Pretty cool tech but can you store the energy or power your car or truck with these?

  2. Minwoo Kim on Wed, 1st Apr 2015 6:53 am 

    It’s very important to maintain effectively same direction and position on the water for floating solar plants. Because directional change of solar panels reduces electricity production. So Floating solar plants also need the directional control mooring systems for their parked positions. Azimuth and position change of floating solar plants caused by wind, waves and external forces. Restoring Force Strengthened Mooring System for floating solar plants has been created in South Korea. The Mooring System generates Restoring Force immediately when Floating solar plants are being rotated or moved on the water. Recently, this Restoring Force Strengthened Mooring Systems have been used in South Korea. You can see the Restoring Force Strengthened Mooring System in Ochang Dam, South Korea. I N I WORLD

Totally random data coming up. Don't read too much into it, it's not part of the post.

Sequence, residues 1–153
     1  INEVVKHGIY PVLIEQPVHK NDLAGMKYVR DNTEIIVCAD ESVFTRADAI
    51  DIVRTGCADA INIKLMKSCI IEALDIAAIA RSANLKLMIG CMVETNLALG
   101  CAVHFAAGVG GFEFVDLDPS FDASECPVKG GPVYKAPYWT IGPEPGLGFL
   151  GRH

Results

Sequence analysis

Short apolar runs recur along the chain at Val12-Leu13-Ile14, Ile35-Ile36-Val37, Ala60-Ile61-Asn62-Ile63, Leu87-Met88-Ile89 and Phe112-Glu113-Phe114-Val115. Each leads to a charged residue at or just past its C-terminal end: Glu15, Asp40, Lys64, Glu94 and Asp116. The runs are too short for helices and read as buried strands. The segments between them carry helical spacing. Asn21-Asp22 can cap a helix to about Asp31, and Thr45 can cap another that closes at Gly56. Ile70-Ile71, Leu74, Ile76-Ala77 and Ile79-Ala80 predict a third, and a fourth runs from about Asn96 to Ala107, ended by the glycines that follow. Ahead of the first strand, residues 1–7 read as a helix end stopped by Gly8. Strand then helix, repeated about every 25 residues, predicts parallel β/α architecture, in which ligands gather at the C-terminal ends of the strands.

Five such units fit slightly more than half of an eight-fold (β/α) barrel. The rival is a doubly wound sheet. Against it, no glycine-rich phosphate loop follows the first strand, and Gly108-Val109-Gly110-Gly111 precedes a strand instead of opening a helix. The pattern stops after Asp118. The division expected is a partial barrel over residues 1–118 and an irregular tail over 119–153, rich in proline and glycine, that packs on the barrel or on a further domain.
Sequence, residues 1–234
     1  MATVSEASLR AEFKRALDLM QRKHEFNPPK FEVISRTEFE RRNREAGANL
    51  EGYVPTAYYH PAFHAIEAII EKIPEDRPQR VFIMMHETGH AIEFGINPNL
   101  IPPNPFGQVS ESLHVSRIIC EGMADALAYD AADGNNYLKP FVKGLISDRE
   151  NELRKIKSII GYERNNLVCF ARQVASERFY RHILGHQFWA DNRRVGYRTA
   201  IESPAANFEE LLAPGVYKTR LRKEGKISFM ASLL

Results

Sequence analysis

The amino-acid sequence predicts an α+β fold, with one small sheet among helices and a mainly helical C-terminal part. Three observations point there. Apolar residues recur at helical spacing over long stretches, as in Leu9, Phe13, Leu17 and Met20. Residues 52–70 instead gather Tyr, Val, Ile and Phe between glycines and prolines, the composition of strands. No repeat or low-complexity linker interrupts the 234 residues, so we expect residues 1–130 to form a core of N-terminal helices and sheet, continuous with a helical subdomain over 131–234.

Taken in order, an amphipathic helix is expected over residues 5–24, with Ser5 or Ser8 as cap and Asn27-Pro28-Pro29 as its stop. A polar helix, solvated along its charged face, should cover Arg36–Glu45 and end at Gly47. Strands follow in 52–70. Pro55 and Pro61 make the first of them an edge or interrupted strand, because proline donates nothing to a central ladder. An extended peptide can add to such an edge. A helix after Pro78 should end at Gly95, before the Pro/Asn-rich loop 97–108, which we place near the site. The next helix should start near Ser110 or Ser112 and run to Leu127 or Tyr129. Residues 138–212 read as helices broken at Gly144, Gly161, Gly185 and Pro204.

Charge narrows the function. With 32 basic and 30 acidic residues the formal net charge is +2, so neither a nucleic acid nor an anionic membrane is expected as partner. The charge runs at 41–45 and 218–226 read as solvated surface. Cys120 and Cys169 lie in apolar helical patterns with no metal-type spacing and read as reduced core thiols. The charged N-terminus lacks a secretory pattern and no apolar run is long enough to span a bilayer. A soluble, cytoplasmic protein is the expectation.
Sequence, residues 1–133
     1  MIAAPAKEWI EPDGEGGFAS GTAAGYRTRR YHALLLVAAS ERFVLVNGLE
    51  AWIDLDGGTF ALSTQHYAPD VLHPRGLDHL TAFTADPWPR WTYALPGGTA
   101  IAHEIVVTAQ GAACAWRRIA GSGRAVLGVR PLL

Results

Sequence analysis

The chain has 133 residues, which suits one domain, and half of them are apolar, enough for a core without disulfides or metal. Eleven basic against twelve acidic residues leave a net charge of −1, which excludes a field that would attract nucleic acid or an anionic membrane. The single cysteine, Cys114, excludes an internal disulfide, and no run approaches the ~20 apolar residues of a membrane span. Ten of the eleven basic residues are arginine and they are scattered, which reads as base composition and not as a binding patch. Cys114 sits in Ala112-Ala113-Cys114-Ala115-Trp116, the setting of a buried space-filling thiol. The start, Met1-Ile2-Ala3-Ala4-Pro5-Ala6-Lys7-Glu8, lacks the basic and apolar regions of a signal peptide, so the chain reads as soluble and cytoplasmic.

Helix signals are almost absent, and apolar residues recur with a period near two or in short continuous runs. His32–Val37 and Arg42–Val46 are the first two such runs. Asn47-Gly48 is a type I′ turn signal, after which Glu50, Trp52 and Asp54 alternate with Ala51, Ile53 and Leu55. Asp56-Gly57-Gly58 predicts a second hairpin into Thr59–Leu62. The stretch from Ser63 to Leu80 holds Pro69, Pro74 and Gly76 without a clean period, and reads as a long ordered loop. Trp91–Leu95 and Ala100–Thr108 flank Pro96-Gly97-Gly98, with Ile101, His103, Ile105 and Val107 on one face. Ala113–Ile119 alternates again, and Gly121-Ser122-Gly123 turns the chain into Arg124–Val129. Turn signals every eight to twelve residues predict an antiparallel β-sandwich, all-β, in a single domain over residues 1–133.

3. Davy on Wed, 1st Apr 2015 7:57 am 

    Great design and great utilization of otherwise neglected space. I personally find this a high price solution to what is needed and that is low cost, simplicity, and low tech of end user AltE. That said, any AltE build out is preferable to the classic wasteful BAU build out of highways, sport stadiums, and skyscrapers as a shortish of a longish list.

  4. ghung on Wed, 1st Apr 2015 8:25 am 

    The 12 degree angle is quite low for the UK. Typically, PV panels should be angled to roughly the latitude where they are installed for optimum performance. I adjust mine seasonally.